The park around you was once known as the Corporation Burying Ground. Burials occurred here from 1787 through 1853 and included Dr. Charles Mortimer, who had been Mary Washington's personal physician. He also served as Fredericksburg's first mayor, under the 1781 charter granted by the Virginia Assembly, independent of the British Crown. Following the Civil War, the graves and stones were removed and the cemetery converted to its current use as Hurkamp Park.
Fredericksburg encompasses many cemeteries, most of which are open to the public. Collectively they illustrate the broad patterns of history, including Colonial settlement, independence from Britain, the Civil War, the African-American experience, and foreign wars. The Veterans Memorial is not a cemetery, but a list of those who have died in distant wars. Potters field is no longer in use. Some names are memorialized there, but most are not.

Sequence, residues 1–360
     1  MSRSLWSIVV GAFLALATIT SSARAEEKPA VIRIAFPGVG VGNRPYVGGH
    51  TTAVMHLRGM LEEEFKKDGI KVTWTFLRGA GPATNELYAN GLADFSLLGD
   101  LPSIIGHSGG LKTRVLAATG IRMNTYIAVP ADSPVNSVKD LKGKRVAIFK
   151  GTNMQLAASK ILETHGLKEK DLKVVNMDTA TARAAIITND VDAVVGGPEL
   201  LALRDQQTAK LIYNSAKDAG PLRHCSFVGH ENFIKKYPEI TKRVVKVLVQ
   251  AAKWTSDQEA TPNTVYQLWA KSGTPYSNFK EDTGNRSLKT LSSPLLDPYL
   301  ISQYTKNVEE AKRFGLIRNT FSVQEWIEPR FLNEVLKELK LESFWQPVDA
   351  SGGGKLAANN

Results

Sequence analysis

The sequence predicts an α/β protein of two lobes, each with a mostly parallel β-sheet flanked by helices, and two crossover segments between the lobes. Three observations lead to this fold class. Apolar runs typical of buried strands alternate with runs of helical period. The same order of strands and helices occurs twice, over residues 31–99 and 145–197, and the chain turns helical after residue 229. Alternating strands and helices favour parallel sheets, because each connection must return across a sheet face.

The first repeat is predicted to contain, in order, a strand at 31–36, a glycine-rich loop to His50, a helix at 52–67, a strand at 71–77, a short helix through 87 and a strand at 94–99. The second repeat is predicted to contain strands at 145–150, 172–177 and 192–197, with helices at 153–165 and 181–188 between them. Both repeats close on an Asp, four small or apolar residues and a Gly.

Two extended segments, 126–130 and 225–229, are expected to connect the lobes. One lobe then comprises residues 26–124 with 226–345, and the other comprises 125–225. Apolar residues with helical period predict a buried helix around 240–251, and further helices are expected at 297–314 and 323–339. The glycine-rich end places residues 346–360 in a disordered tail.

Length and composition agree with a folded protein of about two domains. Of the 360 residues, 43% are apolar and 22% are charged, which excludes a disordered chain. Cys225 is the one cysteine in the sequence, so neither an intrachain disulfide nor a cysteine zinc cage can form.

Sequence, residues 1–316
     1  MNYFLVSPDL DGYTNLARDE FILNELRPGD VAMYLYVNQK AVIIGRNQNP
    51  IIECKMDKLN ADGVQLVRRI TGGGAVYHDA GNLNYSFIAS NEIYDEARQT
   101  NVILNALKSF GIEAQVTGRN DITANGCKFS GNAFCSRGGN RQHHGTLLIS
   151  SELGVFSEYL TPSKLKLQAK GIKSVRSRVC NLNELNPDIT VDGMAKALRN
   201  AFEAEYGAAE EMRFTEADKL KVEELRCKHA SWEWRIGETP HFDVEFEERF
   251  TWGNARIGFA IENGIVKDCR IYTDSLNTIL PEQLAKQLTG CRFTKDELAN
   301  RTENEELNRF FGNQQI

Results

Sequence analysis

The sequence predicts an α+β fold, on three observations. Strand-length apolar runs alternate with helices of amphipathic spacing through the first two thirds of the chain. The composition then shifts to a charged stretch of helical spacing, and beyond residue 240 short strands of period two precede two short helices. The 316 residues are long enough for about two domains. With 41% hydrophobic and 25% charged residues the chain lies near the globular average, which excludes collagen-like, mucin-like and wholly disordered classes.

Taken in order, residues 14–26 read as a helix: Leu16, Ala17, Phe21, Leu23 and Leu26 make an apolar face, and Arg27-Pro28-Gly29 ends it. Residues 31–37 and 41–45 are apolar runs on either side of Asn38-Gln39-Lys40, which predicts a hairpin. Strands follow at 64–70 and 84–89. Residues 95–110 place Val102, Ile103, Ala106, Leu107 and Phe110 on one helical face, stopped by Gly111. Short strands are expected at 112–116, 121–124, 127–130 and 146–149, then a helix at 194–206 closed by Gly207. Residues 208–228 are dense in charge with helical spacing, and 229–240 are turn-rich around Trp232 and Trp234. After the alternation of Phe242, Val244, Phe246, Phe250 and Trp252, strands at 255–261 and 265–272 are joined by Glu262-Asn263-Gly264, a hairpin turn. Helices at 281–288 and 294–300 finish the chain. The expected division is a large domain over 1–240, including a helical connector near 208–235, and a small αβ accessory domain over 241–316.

Confederate Cemetery on Washington Avenue
Fredericksburg City Cemetery on William Street
St. George's Church Cemetery entrance on Princess Anne Street
1) St. George's Church/1752-1920
2) Gordon Cemetery/1793-1864
3) Confederate Cemetery/dedicated 1870
4) Willis Cemetery/1750-1860
5) National Cemetery/dedicated 1866
7) Mary Washington Monument/1783
8) Masonic Cemetery/1787-1908
9) Potters Field Colored Cemetery/est. 1825
10) Fredericksburg Cemetery/ 1844-present
11) Corporation Burying Ground/Hurkamp Park
12) Veterans Memorial